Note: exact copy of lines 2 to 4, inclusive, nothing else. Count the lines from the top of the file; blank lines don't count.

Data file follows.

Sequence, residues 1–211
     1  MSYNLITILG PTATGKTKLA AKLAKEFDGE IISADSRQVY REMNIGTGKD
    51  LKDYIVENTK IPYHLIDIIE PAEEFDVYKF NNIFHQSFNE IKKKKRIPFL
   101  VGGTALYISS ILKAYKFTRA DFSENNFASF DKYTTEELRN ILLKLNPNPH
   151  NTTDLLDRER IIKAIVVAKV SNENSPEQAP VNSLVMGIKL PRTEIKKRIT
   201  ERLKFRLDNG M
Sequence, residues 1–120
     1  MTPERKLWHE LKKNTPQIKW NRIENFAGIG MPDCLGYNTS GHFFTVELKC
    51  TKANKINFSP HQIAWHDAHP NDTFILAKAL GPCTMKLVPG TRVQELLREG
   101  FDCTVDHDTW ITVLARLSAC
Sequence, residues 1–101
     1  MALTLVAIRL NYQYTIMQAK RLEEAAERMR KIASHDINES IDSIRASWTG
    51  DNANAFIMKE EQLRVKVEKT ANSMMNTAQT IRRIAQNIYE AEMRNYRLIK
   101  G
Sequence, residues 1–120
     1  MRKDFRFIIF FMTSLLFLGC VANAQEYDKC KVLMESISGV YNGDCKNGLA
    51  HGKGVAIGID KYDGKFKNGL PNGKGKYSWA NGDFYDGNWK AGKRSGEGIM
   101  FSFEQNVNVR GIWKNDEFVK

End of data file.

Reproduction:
     1  MSYNLITILG PTATGKTKLA AKLAKEFDGE IISADSRQVY REMNIGTGKD
    51  LKDYIVENTK IPYHLIDIIE PAEEFDVYKF NNIFHQSFNE IKKKKRIPFL
   101  VGGTALYISS ILKAYKFTRA DFSENNFASF DKYTTEELRN ILLKLNPNPH